using social media to expand the classroom community
I have been fortunate to attend (and present at) the 2nd EdTechTeacher iPad Summit over the last two days. Much like the first summit in Boston last fall, the EdTechTeacher crew tried hard to create conversations more around the “why” of technology use rather than just the “how.”
Of course there were workshops where teachers could learn tips on good apps or workflows, but the most of the keynote speakers (in my opinion) dealt with creating the conditions for innovation that are necessary to have quality instruction using the device: Angela Maiers spoke about passion, Greg Kulowiec spoke about defining the problem (before using the tool), Justin Reich spoke about creating a culture for change, and Tom Daccord challenged attendees to define what learning looks like.
One keynote stands out, and that is the “Chicago Crew” (my nickname), the group of talented young educators from the National Teachers Elementary Academy in Chicago (names linked to blogs/class pages): Jennie Magiera (Digital Learning Coordinator), Autumn Laidler (Science teacher), and Anita Orozca (Director of Curriculum/Special Ed). They once again delivered a fast-paced prezi presentation chocked full of powerful examples of transformational teaching using technology (not just iPads). While Angela Maiers led an inspiring pep-rally on passion, these ladies modeled passionate teaching-bringing their kids into the room to explain projects with video clip interviews. As in Boston, they shared the work of Dr. Ruben R. Puentedura, who developed the SAMR model for selecting, using, and evaluating technology in education. While they showed many examples of projects using the iPad and Apple apps, they always brought us back to the reason for choosing a tool and the metacognitive task the student would engage in when completing the project.
Learn more at their presentation Google site here.
Again, kudos to the EdTechTeacher team for putting practicing educators on the stage to illustrate passion and purpose!
*Here are links to my presentation Google Doc (with hyperlinks to my projects) and my slidedeck.
I am thrilled to be presenting at the second EdTechTeacher iPad Summit USA at The Georgia Tech Hotel and Conference Center on April 11th. This is a revised version of a presentation from the first iPad Summit in November of 2012. The title is now a bit broader: From Possibilities to Practices: How iPads & Social Media are Changing Science Instruction.
My presentation in a nutshell-I am trying, once again, to show how this device and social media sites have helped create some shift in what were rather traditional science classes in a rather traditional school. If you have read other posts on this blog, I hope you realize that “it” is NOT about the what (iPad)–it is about the why (and some of the how). The EdTechTeacher crew has organized another conference around this idea.
Hope to see you in Atlanta!
Two years ago I was looking for a way to have students in my AP Environmental Science class analyze urban design during our unit on land use and management. I decided to ask students to go on a scavenger hunt of sorts, documenting examples of well and poorly designed areas in and around Charlotte, NC, USA using digital images. Flickr was the host site for our little project, and I wrote about that first experience in a previous post.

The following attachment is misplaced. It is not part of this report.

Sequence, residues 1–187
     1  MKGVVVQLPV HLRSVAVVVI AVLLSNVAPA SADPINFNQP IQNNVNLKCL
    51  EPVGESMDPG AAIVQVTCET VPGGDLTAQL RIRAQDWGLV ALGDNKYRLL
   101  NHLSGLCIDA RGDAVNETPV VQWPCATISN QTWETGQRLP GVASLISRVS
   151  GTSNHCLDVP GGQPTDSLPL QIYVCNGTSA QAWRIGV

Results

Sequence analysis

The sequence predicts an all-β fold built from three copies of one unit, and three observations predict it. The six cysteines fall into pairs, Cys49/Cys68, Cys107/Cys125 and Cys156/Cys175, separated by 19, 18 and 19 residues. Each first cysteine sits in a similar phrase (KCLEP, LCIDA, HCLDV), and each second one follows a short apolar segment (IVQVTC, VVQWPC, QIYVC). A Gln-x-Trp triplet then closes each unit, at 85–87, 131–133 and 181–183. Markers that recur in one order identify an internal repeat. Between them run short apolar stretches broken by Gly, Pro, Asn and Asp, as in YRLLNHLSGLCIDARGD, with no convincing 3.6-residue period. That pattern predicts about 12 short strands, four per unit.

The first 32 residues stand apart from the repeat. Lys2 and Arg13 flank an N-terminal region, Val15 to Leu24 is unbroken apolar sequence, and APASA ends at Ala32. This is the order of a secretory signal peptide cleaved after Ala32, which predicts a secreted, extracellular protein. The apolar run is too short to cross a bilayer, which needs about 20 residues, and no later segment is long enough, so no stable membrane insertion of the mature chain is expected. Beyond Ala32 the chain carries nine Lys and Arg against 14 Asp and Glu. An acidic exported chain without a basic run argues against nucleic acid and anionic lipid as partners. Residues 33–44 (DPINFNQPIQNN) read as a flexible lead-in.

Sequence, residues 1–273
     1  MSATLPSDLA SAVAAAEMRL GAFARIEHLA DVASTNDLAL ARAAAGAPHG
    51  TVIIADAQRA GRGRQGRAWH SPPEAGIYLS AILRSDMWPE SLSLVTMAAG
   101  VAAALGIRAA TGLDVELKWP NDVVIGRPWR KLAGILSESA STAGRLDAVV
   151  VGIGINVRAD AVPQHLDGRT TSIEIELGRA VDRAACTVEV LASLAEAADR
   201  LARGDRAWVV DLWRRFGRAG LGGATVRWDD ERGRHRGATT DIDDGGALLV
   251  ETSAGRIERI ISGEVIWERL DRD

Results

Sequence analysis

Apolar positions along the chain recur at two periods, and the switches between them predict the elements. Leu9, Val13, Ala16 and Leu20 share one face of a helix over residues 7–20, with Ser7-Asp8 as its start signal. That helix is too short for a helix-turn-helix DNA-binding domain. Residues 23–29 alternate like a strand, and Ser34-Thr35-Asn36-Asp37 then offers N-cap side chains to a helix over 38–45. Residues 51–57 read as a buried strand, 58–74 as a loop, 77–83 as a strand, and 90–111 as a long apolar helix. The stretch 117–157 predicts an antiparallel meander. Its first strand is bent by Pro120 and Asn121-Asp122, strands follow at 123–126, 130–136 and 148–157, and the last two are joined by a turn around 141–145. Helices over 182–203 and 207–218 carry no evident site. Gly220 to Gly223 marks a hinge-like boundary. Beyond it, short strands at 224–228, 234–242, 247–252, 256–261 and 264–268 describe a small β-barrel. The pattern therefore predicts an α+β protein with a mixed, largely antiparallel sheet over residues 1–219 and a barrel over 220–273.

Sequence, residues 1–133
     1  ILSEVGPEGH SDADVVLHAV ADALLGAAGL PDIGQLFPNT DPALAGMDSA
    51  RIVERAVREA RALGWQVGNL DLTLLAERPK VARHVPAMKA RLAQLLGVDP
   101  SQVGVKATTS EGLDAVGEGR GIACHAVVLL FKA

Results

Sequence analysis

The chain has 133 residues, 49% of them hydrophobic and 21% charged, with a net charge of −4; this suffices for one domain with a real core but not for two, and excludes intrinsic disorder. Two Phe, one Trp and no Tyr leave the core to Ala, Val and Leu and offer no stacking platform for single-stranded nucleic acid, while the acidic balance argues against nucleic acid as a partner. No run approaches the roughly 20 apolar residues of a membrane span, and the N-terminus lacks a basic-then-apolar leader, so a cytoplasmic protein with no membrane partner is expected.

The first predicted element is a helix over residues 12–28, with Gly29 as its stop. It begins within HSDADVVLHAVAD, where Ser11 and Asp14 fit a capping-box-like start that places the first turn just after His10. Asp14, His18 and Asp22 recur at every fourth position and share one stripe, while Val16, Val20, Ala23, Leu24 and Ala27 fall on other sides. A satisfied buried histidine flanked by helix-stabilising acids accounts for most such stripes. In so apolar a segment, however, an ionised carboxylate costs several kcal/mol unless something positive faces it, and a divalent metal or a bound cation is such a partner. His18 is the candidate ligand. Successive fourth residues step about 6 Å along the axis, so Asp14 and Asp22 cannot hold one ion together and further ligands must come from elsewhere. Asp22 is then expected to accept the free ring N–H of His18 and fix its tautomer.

Over the last few years, I have tried to make the experience more authentic. This year, I invited a local urban planner to join our current flickr project group (see our pics in a slideshow-be sure to click show info) and participate. We did the project prior to her coming to speak to the class on urban planning issues. So, the students were front-loaded with examples around town and she knew what they were. Check out this exchange between the students and the urban planner or this one.
This little trick let us be very efficient with the 45-minute class period we had to work with that day. She gave a short presentation and then let the students participate in map activities planning the redesign/redevelopment of some actual infill sites in Charlotte.
Urban Planning Map Activity
What was even cooler was that we had a Chinese exchange student in the class. Since she did not know our community very well, I let her feature images she found online (or her sister sent to her) from her hometown. Check this out this urban planning dilemma from China:
How as else has the project changed in three years? Now I see students much more like to use Google Earth or Google Maps for aerial views or street-level views instead of taking the images with their phones in person. Not that one or the other is better, just different.
So, what do you think of our use of Flickr for a class project? Have you done one or seen other similar projects?
So I am just now getting to read Seth Godin’s Linchpin (2010)–reading for pleasure during the school year always seems to be a challenge…
While the target audience of Godin’s book seems to be business professionals, he has a number of very powerful points for educators. I was struck by one particular passage titled “The Job Versus Your Art (pp. 96-97) and these two sentences: